Build and run the application. Create a new item and tap the Cancel button. The instance of BNRDetailViewController will slide off the screen, and nothing will be added to the table view. Then, create a new item and tap the Done button. The BNRDetailViewController will slide off the screen, and your new BNRItem will appear in the table view.

There is one final note to make. We said that the BNRItemsViewController presents the BNRDetailViewController modally. This is true in spirit, but the actual relationships are more complicated than that.

The BNRDetailViewController’s presentingViewController is really the UINavigationController that has the BNRItemsViewController on its stack. You can tell this is the case because when the BNRDetailViewController is presented modally, it covers up the navigation bar. If the BNRItemsViewControllerwas handling the modal presentation, then the BNRDetailViewController’s view would fit within the view of the BNRItemsViewController, and the navigation bar would not be obscured.

For the purposes of presenting and dismissing modal view controllers, this does not matter; the modal view controller does not care who its presentingViewController is as long as it can send it a message and get dismissed. We will address the more complicated truths about view controller relationships at the end of this chapter.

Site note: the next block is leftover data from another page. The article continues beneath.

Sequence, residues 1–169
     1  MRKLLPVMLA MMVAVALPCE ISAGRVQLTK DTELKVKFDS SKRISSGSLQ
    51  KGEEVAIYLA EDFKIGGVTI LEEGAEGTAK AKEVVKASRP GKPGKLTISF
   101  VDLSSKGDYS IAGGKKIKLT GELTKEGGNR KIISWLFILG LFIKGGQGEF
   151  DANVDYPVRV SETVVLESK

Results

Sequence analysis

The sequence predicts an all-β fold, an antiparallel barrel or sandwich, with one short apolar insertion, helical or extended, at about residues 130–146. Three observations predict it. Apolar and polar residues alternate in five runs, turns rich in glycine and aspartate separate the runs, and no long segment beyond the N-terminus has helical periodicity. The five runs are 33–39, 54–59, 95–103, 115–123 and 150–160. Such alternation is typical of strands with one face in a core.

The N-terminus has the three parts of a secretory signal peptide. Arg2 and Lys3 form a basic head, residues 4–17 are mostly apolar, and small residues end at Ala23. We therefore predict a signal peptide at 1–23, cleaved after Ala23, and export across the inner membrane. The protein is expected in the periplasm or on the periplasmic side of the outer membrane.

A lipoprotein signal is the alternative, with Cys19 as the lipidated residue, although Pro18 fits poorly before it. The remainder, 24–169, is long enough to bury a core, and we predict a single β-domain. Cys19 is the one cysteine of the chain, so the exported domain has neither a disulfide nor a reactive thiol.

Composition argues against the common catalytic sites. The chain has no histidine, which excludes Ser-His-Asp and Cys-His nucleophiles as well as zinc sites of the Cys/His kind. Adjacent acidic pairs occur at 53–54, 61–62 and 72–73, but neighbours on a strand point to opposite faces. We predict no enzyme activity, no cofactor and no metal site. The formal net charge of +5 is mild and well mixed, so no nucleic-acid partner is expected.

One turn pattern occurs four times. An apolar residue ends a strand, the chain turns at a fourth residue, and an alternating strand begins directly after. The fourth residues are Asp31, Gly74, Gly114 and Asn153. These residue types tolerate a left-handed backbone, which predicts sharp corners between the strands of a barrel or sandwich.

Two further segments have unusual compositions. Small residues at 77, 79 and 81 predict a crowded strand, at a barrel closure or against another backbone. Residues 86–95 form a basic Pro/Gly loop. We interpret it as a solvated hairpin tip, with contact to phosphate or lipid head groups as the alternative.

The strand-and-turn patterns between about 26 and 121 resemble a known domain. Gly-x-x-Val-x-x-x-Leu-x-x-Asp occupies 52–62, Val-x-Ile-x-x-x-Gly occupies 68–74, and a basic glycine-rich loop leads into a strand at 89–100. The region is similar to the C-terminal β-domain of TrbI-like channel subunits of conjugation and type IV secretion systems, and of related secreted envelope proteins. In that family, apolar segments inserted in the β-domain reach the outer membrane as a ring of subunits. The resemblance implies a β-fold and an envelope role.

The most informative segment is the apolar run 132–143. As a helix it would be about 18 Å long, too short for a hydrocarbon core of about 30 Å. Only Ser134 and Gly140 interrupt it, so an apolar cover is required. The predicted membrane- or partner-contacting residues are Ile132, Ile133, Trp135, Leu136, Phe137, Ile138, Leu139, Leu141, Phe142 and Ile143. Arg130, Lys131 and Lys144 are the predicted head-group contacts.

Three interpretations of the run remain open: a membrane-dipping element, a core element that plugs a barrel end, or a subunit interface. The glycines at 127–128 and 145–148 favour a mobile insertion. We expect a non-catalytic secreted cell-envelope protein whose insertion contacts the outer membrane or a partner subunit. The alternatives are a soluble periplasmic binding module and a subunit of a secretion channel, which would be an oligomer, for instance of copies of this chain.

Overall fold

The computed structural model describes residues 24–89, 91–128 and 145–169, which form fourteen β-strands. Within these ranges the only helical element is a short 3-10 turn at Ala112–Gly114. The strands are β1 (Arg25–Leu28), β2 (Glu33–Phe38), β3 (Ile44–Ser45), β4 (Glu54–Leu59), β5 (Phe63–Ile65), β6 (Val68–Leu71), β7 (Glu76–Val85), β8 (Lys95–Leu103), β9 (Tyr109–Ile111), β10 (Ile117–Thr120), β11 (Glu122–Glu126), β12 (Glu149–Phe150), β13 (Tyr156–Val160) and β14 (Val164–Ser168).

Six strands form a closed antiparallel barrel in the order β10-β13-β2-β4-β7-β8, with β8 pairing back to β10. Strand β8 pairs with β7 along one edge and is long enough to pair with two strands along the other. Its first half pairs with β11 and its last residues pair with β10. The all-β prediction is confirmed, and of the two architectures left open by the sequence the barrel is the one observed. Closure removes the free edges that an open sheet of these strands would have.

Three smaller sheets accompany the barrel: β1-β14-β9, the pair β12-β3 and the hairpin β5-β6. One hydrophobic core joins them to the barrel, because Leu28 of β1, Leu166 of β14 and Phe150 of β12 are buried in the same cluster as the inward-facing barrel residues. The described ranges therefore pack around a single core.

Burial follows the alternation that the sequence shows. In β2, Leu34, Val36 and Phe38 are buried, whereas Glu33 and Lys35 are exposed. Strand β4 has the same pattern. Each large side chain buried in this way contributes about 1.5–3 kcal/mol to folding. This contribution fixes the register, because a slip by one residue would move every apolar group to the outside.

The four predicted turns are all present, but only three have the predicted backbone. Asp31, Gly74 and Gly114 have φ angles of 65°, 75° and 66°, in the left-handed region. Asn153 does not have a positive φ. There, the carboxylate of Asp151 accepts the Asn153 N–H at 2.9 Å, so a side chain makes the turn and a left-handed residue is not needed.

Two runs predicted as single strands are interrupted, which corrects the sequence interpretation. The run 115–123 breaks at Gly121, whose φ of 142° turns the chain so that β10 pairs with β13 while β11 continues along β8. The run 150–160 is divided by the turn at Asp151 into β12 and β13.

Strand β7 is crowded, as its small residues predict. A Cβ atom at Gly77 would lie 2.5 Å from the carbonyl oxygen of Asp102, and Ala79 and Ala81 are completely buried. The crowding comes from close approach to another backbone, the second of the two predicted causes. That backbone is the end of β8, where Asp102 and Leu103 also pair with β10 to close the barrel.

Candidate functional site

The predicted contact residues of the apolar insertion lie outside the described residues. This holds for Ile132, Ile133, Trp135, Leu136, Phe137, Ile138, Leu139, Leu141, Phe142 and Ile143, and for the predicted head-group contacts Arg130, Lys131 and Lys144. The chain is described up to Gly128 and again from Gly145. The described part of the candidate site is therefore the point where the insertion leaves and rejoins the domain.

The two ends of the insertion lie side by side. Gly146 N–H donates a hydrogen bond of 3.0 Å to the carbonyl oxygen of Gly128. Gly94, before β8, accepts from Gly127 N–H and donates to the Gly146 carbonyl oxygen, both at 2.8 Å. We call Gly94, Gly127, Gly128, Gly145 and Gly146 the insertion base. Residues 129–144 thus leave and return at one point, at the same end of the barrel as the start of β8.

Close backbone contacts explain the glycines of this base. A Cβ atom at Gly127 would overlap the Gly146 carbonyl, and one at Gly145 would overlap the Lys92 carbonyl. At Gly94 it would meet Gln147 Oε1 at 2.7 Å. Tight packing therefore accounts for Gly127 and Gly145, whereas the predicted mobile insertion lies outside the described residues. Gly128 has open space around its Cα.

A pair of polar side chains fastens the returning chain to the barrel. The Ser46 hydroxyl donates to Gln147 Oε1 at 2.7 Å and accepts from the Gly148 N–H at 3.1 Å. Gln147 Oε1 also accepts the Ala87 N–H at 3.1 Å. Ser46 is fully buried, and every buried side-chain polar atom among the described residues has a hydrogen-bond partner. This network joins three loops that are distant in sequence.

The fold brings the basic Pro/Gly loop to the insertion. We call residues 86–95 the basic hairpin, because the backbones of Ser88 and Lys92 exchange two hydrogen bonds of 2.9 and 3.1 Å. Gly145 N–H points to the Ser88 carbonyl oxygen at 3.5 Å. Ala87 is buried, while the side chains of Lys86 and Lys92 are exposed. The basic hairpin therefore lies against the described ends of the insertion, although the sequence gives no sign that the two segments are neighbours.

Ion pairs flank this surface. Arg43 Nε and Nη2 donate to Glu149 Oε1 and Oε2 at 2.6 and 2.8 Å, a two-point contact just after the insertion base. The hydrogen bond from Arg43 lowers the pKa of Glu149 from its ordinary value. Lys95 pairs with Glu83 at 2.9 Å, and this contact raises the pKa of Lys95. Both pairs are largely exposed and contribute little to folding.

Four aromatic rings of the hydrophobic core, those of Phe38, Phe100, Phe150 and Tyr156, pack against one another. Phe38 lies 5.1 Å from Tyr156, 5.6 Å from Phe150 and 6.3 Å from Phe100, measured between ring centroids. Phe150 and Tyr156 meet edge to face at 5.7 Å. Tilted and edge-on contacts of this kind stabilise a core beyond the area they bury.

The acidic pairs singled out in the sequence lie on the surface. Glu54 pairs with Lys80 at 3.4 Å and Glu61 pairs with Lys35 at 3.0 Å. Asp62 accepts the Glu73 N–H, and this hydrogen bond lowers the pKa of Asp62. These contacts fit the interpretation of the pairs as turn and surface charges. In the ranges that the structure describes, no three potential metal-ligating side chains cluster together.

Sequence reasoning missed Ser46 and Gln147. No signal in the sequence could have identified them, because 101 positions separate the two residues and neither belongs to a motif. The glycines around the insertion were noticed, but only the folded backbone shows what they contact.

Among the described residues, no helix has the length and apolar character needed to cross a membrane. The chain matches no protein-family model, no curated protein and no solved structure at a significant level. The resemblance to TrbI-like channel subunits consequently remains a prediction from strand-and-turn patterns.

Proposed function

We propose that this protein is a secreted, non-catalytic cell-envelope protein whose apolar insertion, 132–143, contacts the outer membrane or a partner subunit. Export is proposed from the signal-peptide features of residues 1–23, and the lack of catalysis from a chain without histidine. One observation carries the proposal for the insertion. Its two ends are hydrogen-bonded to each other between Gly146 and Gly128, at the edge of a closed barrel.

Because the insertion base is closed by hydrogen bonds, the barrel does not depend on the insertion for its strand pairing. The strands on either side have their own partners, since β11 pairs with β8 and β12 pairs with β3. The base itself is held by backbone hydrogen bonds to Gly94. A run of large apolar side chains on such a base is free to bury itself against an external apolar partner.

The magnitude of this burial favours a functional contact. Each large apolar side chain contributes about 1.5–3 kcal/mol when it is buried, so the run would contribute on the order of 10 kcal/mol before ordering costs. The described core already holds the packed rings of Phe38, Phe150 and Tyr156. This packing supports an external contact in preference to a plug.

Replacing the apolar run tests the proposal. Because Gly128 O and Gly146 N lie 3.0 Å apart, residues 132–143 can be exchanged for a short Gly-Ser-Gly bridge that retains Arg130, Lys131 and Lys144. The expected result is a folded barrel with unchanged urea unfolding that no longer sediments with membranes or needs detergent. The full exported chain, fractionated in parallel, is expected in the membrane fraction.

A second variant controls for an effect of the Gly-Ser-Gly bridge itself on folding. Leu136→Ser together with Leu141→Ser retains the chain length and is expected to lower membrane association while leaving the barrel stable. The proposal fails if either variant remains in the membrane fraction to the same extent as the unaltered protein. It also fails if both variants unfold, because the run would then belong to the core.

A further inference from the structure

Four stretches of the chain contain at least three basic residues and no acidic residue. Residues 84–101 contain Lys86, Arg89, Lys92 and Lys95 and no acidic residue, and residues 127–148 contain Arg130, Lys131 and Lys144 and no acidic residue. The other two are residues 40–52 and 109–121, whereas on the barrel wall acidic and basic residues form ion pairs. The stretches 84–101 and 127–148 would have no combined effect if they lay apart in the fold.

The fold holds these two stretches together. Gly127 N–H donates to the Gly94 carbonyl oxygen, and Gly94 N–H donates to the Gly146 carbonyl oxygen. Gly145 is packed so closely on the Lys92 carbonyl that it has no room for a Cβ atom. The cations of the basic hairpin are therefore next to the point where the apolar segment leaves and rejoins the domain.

Modal view controller styles

On the iPhone or iPod touch, a modal view controller takes over the entire screen. This is the default behavior and the only possibility on these devices. On the iPad, you have two additional options: a form sheet style and a page sheet style. You can change the presentation of the modal view controller by setting its modalPresentationStyle property to a pre-defined constant – UIModalPresentationFormSheet or UIModalPresentationPageSheet.